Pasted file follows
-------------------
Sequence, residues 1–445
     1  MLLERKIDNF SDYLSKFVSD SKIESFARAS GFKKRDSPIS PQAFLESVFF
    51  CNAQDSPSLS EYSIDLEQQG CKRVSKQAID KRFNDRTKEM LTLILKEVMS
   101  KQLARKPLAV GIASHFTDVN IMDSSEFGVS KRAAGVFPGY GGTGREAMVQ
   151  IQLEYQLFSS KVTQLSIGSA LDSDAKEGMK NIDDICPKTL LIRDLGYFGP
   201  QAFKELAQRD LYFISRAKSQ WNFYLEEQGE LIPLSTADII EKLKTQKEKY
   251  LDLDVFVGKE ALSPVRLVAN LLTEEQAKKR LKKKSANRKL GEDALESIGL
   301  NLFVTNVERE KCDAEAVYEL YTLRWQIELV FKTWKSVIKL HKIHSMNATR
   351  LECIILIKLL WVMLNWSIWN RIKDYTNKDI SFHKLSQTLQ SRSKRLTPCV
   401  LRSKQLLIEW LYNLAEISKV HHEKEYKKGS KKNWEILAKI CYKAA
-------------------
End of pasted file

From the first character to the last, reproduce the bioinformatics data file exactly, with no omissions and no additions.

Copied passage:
Sequence, residues 1–445
     1  MLLERKIDNF SDYLSKFVSD SKIESFARAS GFKKRDSPIS PQAFLESVFF
    51  CNAQDSPSLS EYSIDLEQQG CKRVSKQAID KRFNDRTKEM LTLILKEVMS
   101  KQLARKPLAV GIASHFTDVN IMDSSEFGVS KRAAGVFPGY GGTGREAMVQ
   151  IQLEYQLFSS KVTQLSIGSA LDSDAKEGMK NIDDICPKTL LIRDLGYFGP
   201  QAFKELAQRD LYFISRAKSQ WNFYLEEQGE LIPLSTADII EKLKTQKEKY
   251  LDLDVFVGKE ALSPVRLVAN LLTEEQAKKR LKKKSANRKL GEDALESIGL
   301  NLFVTNVERE KCDAEAVYEL YTLRWQIELV FKTWKSVIKL HKIHSMNATR
   351  LECIILIKLL WVMLNWSIWN RIKDYTNKDI SFHKLSQTLQ SRSKRLTPCV
   401  LRSKQLLIEW LYNLAEISKV HHEKEYKKGS KKNWEILAKI CYKAA